I don’t agree with your suggestion that a “BBC PUBLIC” channel should not show popular programmes. It’s good that the BBC produces a fair number of hits – this provides value for money for license fee payers, and encourages other broadcasters to up their games in competition. You say that War and Peace would be at home on your “public” channel, yet that particular programme achieved better ratings than any of its commercial competition on the same evenings. Public service does not always have to mean unpopular!

    I have no interest in defending Lord Grade (still harbour a grudge for him axing Dr Who in 1985 literally weeks after I joined the Dr Who Appreciation Society!), though it’s not true to say he’s not accountable – what about the ITV shareholders? He’s worked most of his life in the private sector. I mentioned Grade only as an example of somebody who understands that the license fee supports the media industry way beyond the confines of the BBC. You talk about fat cats but you know full well the vast majority of people working in the industry are not remotely like that. It’s a good industry, culturally and economically, and we all ought to wish it well.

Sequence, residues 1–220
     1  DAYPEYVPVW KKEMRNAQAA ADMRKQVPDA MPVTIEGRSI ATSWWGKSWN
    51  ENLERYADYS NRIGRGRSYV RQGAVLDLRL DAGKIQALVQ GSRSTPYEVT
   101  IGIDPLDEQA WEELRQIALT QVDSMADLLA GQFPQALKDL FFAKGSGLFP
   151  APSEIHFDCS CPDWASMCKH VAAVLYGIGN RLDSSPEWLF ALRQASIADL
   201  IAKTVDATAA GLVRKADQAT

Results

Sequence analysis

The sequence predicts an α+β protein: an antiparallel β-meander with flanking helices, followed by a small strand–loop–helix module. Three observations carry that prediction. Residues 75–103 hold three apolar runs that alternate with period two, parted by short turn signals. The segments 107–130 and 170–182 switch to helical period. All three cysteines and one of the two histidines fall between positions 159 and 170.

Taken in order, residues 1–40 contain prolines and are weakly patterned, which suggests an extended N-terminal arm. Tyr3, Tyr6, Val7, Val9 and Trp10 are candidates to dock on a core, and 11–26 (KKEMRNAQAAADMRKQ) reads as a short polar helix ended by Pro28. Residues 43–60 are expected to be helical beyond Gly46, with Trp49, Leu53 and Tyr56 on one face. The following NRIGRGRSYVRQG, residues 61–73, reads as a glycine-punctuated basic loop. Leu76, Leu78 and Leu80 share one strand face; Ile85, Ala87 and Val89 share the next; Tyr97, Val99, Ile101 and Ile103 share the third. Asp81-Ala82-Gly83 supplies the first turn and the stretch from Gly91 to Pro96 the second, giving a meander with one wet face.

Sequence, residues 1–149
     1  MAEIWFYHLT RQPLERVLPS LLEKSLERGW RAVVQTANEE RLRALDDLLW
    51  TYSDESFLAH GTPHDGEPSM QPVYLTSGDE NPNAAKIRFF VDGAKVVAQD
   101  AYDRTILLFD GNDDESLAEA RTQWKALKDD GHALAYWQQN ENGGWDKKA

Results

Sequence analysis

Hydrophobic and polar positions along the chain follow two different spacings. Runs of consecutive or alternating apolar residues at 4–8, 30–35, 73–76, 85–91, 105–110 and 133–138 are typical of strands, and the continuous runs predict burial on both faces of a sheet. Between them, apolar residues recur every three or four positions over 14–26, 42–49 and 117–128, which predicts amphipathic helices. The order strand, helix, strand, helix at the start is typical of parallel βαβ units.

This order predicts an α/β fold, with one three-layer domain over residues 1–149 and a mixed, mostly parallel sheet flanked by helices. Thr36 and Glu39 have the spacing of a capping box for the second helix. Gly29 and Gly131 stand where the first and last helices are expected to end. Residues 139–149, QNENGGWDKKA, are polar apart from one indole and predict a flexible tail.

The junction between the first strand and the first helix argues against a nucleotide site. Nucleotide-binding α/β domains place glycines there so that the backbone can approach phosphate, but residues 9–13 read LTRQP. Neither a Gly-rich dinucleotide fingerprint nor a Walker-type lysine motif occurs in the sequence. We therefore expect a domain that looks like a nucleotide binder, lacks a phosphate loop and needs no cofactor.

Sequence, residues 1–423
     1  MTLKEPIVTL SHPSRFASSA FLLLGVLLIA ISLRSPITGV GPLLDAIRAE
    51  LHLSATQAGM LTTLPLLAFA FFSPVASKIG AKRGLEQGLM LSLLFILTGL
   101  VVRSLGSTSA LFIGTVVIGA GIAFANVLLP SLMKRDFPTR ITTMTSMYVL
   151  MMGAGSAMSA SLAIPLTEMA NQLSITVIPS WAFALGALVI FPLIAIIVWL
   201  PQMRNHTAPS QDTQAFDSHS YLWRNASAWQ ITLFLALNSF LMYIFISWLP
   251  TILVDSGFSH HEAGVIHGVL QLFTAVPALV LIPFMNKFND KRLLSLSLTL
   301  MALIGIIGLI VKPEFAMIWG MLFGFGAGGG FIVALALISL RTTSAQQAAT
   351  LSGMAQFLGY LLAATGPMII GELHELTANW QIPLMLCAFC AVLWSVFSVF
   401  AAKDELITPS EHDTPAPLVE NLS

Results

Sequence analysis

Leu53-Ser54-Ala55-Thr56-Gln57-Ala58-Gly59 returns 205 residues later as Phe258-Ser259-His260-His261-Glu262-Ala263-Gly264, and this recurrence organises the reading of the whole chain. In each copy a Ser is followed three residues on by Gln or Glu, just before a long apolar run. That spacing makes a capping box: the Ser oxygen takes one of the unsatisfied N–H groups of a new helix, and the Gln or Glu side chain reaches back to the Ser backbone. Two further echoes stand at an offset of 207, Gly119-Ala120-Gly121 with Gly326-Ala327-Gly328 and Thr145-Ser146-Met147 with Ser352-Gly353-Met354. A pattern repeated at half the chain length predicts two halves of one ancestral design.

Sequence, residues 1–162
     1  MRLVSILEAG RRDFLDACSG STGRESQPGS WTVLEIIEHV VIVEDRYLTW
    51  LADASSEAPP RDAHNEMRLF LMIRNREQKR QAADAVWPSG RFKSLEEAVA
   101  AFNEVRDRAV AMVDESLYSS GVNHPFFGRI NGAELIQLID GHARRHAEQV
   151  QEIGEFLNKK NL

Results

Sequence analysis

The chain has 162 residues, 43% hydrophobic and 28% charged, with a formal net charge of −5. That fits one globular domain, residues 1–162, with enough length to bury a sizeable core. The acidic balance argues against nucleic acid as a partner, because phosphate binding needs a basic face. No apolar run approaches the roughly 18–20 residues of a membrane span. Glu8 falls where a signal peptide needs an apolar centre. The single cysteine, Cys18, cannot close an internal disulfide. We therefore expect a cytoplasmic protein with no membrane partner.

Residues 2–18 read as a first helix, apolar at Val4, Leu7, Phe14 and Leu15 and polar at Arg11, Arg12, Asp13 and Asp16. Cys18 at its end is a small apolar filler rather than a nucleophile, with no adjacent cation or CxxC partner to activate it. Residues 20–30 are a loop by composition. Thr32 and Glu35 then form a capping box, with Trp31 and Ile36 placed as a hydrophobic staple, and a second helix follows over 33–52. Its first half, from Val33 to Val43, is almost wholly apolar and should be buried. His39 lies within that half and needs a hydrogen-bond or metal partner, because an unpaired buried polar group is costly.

• Glenn

    Let’s try and pick out some bits you missed. Firstly the metropolitan elite term is hardly “trendy” it does however fairly accurately describe a particular elite (as I pointed out above the elites of public sectors bodies concentrated in large centres. That does not mean they are the only type of elite, the telegraph or Murdoch type is another but unless you are suggesting ole’ Rupe or the Barclay brothers are running the BBC I don’t see the relevance.

    I would agree that the main concern is that the BBC is a large dominant monopolist that raises it’s funds under threat of the law. I would rather any compulsory element were minimised and most funding raised via voluntary means. However in order to make that achievable the quality would need to improve significantly which would require a breaking of the current group think.

  • @Glenn
    While I can appreciate you not wanting to pay for a service you do not use (er, except that you say you do actually use it…), I do wonder why people like yourself make such a fuss about the license fee rather than any other item of taxation. Is it just the psychological effect of having to buy the license that does this? If we were all obliged to purchase, say, an annual nuclear missile maintenance license (cost: approx. £100 per household) would people be equally up in arms about that? Actually maybe they would – I could be on to something here…